Centre for Cultural Relations launches

The diverse ways in which societies interact, such as around international sporting tournaments like the World Cup or political movements like the Arab Spring, will be the focus of a new centre.

The Centre for Cultural Relations is the first of its kind in the world. It has been established to meet a global need to better understand the expanding range of exchanges between societies.

Understanding a changing world

As traditional channels of influence such as governmental diplomacy and hard power increasingly compete with non-state actors - devolved institutions in Scotland, cities like London, corporations, media, cultural organisations, activists mobilised through social media - the Centre will examine and evaluate the changing relationships.

The Centre will promote the use of culture and education to deepen relations between groups or countries, by better understanding their practice, theory and impact for government, business, cultural organisations and individuals.

Its experts will look at how social and digital media make it easier for individuals to influence events and perceptions at an international level.

Societies now engage with each other in far more diverse ways than just through their governments – at big international events in culture and sport, new forms of business cooperation and, increasingly, in online communities. We need to know more about how this more diverse engagement is carried out and the impacts – and the benefits - it has. That’s what the new Centre is setting out to do.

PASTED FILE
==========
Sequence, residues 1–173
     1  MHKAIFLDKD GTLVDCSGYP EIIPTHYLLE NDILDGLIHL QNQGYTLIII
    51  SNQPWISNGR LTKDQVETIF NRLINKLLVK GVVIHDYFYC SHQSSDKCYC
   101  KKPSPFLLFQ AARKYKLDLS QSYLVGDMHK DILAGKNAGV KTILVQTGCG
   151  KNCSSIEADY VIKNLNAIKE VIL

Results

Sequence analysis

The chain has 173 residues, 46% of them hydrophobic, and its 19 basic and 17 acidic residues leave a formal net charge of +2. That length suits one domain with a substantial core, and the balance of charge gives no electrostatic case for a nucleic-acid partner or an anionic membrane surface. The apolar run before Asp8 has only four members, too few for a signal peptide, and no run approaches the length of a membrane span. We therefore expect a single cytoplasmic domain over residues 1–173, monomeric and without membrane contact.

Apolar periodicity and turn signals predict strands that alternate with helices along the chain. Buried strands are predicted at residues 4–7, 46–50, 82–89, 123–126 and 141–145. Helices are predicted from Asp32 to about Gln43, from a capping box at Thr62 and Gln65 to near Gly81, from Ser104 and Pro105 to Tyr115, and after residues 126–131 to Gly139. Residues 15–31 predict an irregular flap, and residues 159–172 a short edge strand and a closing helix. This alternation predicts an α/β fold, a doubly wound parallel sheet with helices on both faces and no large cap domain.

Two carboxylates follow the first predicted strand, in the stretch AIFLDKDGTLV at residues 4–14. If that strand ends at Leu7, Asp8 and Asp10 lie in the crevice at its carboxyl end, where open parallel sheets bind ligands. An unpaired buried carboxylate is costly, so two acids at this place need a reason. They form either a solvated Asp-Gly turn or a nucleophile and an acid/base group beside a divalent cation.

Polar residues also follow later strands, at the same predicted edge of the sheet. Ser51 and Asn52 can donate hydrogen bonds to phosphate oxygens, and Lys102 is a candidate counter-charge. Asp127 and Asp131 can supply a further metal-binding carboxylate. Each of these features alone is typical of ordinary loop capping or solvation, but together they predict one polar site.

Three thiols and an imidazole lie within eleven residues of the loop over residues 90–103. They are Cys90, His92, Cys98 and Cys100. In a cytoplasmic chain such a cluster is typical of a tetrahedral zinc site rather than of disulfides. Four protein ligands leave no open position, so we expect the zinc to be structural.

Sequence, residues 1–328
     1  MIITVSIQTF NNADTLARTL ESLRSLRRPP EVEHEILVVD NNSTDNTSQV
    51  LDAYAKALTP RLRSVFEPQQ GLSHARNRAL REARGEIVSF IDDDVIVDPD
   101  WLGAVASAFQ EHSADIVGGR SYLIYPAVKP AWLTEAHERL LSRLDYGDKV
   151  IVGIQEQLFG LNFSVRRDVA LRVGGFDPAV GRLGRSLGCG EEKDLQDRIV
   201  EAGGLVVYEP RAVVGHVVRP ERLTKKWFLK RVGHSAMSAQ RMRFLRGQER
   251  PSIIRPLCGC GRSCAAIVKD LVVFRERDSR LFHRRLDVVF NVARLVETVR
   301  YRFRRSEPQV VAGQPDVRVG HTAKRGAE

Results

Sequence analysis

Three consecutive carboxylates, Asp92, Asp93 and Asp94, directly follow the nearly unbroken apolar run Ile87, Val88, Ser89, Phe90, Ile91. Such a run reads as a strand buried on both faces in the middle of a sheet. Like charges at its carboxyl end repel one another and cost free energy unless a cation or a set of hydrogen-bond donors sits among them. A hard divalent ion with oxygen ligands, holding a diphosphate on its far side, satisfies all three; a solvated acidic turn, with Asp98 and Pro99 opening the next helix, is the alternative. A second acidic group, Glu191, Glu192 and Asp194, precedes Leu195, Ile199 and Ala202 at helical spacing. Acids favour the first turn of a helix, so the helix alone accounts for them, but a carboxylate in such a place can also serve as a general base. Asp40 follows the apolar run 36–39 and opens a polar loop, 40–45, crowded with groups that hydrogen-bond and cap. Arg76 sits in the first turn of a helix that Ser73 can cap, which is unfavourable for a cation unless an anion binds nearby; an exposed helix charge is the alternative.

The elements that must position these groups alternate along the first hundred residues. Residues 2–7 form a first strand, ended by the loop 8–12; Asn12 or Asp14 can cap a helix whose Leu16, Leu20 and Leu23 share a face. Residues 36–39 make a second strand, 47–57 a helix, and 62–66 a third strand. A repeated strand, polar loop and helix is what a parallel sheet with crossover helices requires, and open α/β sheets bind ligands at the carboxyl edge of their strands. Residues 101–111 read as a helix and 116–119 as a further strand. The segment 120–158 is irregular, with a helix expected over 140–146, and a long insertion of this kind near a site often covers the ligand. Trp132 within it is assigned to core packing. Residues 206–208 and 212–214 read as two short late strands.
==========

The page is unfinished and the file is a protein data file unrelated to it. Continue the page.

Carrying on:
Vice-Principal Charlie JefferyInterim director of the Centre for Cultural Relations

Launch event

The Centre will launch on with a lecture by Martin Davidson, Chief Executive of the British Council. It will take place in the University of Edinburgh’s Playfair Library Hall, Old College, South Bridge, at 5.30 p.m on 27 November

The British Council welcomes the establishment of a Centre for Cultural Relations at the University of Edinburgh; providing a fitting home for this initiative when one considers how Scotland's historic capital is renowned globally for its culture and learning - and for being perhaps the greatest cultural festival city in the world. And we look forward to a fruitful collaboration with the University as it establishes a centre for excellence for teaching and research in cultural relations.

Martin DavidsonChief Executive of the British Council

World-class research

Researchers at the Centre will conduct a world-class programme of study, collaborating with other universities in Scotland and internationally, and will impact on and inform public debate and policy through a high profile series of public events.

The initiative has been established following a feasibility study commissioned by the Scottish Government and the British Council.

The sharing of culture is a hugely powerful means of international dialogue. The Scottish Government worked with the University of Edinburgh and the British Council to develop the idea of a centre of excellence for cultural diplomacy based in Scotland, since there was no doubt in my mind that it would further enhance Scotland’s international reputation for creativity, innovation and imagination.The Centre for Cultural Relations has potential to be a source of international research, teaching and expertise for businesses and government, meeting Scottish needs, and providing wider understanding of the value of cultural activity and exchange.

Fiona Hyslop MSPScottish Government Minister for Culture and External Affairs

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